Vergennes economy feeling effects of COVID-19 pandemic
Vergennes and its local businesses are like many small Vermont municipalities that are trying to weather the economic and social impacts of the coronavirus.
"We learned very early on that we were all pretty much unprepared for something of this size and scale," said Vergennes Mayor Jeff Fritz.
Vergennes store owners say they've had to modify their business models.
"It's really driven us to pivot our direction a little bit, so we're really looking to drive our business to more of online, kind of e-commerce," said Laura Mack, the owner of LuLu Ice Cream.
"We have definitely had a lot of clients reach out, obviously concerned about us, as well as wanting to know when we will reopen," said Hillary Devine, the owner of Shear Cuts.
Those businesses said they were happy to work together with the city of Vergennes.
"Hyping up Vergennes, and the downtown partnership have done a really good job," Mack said.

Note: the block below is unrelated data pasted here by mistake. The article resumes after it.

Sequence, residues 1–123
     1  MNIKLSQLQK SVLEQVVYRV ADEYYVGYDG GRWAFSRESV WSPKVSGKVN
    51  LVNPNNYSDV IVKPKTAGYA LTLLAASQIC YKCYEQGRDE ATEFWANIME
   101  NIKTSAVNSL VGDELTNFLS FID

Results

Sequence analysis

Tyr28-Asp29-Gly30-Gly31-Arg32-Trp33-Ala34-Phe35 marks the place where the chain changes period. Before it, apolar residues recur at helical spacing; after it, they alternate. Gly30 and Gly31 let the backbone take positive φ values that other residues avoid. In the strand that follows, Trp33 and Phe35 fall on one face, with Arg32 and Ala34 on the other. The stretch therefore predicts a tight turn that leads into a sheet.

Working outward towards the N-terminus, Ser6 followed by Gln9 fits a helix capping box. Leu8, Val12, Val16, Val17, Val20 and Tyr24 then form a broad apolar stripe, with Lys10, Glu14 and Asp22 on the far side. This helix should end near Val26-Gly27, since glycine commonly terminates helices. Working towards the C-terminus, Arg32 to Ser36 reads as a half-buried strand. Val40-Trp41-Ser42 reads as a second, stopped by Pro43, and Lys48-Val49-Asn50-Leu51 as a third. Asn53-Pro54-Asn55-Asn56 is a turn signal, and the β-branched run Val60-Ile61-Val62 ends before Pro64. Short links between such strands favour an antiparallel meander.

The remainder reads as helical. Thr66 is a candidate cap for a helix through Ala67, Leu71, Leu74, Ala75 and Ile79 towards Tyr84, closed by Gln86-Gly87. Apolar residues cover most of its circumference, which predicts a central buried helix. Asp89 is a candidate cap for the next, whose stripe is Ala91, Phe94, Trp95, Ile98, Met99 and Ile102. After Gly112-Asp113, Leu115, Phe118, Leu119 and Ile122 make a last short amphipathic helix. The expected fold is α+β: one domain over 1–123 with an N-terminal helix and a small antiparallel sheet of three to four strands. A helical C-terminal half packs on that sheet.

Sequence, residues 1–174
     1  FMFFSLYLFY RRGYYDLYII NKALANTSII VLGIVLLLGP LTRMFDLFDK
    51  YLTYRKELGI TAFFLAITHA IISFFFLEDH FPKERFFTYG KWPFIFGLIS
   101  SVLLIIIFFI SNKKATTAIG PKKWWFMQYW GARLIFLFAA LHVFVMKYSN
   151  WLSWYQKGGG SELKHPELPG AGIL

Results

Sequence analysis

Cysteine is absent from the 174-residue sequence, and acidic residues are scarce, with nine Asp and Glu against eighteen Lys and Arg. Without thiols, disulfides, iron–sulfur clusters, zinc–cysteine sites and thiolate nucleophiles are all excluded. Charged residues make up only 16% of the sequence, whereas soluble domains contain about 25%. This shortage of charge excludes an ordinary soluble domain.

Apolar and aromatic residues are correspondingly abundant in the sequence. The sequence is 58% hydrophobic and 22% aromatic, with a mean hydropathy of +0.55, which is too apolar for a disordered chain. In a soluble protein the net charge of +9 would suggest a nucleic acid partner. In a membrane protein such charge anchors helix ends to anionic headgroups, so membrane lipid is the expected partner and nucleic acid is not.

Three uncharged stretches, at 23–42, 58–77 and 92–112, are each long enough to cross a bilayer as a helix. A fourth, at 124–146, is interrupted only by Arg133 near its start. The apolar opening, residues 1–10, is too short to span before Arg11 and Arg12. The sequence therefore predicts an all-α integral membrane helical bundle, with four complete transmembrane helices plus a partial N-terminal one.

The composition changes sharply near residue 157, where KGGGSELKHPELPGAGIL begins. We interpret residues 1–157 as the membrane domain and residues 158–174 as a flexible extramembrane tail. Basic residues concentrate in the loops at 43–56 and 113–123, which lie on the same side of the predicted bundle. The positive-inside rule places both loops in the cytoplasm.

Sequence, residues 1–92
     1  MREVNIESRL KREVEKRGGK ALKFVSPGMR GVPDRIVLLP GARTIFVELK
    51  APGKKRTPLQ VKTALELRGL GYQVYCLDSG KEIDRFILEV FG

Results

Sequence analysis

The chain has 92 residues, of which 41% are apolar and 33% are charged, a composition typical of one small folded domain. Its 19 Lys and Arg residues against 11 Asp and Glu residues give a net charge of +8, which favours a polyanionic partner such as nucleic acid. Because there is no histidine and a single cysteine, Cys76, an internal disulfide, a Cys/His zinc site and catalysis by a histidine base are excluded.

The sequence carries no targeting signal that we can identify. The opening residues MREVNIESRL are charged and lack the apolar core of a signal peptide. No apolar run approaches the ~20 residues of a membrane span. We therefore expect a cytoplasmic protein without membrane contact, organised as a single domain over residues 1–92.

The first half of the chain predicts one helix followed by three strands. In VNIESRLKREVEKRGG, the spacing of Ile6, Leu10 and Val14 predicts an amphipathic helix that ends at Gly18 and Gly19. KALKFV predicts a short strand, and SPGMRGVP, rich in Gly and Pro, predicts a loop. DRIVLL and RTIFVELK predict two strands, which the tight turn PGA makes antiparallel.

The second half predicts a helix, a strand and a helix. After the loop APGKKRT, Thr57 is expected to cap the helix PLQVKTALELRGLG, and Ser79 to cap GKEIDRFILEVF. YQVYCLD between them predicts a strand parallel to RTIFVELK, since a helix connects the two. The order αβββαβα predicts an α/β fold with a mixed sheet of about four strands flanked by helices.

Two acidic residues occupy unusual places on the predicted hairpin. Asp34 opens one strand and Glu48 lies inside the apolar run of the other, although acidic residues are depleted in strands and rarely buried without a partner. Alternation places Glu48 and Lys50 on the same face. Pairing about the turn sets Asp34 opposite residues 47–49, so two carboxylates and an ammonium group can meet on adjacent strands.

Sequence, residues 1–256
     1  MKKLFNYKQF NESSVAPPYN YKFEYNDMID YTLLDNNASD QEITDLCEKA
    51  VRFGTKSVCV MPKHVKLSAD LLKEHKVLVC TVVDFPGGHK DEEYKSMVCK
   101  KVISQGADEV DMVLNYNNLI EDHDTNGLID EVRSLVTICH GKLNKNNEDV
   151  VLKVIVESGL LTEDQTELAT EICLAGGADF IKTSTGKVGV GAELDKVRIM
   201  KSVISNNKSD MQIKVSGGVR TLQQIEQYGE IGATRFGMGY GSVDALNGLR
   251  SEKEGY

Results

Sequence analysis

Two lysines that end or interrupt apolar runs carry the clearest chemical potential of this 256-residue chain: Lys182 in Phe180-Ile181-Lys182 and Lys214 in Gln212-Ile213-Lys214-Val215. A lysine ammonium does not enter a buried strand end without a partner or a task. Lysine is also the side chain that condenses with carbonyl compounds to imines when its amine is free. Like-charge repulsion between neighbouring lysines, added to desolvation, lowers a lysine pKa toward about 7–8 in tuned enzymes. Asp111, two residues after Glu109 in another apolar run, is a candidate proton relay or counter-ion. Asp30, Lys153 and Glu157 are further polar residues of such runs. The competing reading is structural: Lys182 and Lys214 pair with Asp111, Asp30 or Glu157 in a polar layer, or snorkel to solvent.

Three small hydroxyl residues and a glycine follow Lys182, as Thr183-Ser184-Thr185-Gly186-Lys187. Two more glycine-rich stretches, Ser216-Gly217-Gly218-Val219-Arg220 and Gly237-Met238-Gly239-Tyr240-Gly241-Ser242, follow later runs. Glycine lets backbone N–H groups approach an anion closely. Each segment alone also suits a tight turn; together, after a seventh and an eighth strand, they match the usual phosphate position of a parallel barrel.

The nonprofit Vergennes Partnership works to inform local families about how they can help local businesses and business owners.
"The Vergennes Partnership is constantly trying to stimulate our community," Devine said.
Members of the partnership say it's focused on holding out until the pandemic ends, and looking to the state for more turnings of the spigot.
"I think that we'll be able to sustain the closure, but it would be nice to have some sort of direction on when things are going to be back up and running," said Jamie Smith, a fitness instructor and owner of Vergennes Movement.